Sunday, March 13, 2005
An interesting op-ed from Maureen Dowd that essentially offers two premises: (1) women have difficulty strongly arguing or asserting their opinions; and (2) when they do, men see any criticism as "castrating" rather than as sincere criticism if the same point had been made by a man.

I personally think Dowd hangs around with the wrong crowd. Perhaps I simply have different experiences because I am a lawyer, and thus at least professionally, deal primarily with women who are either lawyers or corporate executives. I can assure you the women I know have no problem strongly arguing and asserting their opinions - and they do so with a great deal of intelligence and eloquence. Just as the men I deal with professionally do. Gender is not the attribute that distinguishes any of the people I deal with it - nor should it be.

I find it both interesting and ironic that within Dowd's democrat and liberal dominated circles there is such rank sexism. I thought the democrats were the party of tolerance? (I actually say this in jest - I think it is a generational issue not an ideological one).

But yet look at her examples of sexist remarks - Bill Clinton (well no surprise there), Chris Matthews (same), and Patt Morrison. She couldn't have found a Bill O'Reilly quote or anything?

Personally I find it somewhat offensive to be compared to any of the three men I just mentioned above (well at least the latter two). And I certainly don't think they represent my gender. As I am sure many women feel about Patt Morrison and Maureen Dowd.

I actually think there is a major generational issue at work here. I don't see many (any?) op-ed columnists or writers at major newspapers that are of my generation (almost 30 years old....). No, they are all from the baby-boomer generation -- which despite the way they like to paint themselves (the 60s generation of tolerance) is highly sexist and to a large extent racist as well - although they do a good job of trying to hide the latter. (And yes, I realize that is a broad generalization of an entire generation, but as a group, I think that generation is much less accepting than mine).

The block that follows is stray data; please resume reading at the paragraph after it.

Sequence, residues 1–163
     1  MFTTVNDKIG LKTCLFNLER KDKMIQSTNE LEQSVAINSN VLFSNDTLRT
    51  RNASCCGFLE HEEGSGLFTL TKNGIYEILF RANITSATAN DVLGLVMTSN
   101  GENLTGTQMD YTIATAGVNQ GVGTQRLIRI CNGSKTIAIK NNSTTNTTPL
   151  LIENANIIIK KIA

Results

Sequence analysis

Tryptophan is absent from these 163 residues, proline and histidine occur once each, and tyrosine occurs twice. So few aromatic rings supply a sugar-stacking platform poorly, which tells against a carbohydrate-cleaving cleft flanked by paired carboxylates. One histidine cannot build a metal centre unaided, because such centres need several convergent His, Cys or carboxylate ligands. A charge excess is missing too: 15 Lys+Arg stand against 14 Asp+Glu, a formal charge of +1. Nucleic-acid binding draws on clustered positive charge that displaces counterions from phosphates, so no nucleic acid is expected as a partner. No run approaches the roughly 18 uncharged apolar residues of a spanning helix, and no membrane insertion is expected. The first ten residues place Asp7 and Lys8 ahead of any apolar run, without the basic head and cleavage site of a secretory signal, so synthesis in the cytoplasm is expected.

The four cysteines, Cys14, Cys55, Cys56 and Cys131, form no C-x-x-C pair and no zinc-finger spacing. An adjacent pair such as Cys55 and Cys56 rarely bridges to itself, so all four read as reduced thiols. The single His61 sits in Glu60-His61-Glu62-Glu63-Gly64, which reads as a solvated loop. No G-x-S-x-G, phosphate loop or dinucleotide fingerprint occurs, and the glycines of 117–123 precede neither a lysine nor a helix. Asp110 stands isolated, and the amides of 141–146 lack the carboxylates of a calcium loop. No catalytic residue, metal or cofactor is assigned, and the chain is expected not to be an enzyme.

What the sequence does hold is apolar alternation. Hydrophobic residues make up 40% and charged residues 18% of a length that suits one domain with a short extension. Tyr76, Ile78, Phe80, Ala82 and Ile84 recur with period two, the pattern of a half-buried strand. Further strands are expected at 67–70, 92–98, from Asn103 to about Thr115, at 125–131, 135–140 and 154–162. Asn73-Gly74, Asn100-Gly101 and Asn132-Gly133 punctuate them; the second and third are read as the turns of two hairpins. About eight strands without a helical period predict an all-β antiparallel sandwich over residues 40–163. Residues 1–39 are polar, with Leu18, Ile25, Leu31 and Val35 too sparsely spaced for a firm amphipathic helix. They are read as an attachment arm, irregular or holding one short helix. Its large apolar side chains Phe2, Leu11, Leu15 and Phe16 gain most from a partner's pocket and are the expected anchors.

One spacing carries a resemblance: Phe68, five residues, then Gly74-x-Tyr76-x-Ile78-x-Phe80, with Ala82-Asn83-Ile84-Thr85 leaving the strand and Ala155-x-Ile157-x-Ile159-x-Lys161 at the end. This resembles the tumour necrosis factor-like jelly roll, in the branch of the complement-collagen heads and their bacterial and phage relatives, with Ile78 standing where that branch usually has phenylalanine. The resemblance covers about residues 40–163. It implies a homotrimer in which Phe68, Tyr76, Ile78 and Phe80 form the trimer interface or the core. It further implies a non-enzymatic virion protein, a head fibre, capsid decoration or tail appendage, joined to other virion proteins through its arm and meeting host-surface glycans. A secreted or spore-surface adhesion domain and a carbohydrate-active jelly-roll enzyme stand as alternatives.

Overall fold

So I think as my generation starts to take over the op-ed columns and editorial boards you will find not only more women - but I actually believe men will be in the minority. If you don't believe me, save this post and mark your calendar to read it about 20 years from now. Time will prove me right.

So while I agree with Dowd that there should be more women op-ed writers and columnist, I think this is going to happen - and they don't need to be nurtured (how many men op-ed columnists were "nurtured") - they just need some time and perhaps mentoring from successful women such as Dowd. They are fully capable of getting these jobs and excelling without any extra help. And they will in large numbers soon.

Update: Good response to Dowd by Michelle Malkin here.
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I am an attorney in Chicago. Politically speaking, I am an indepedent that tends to lean conservative on fiscal issues and progressive on social issues. I try to remain as unbiased and open-minded as possible. Please email or post any comments, and especially criticisms. If something I say is wrong, or you disagree - let me know about it!

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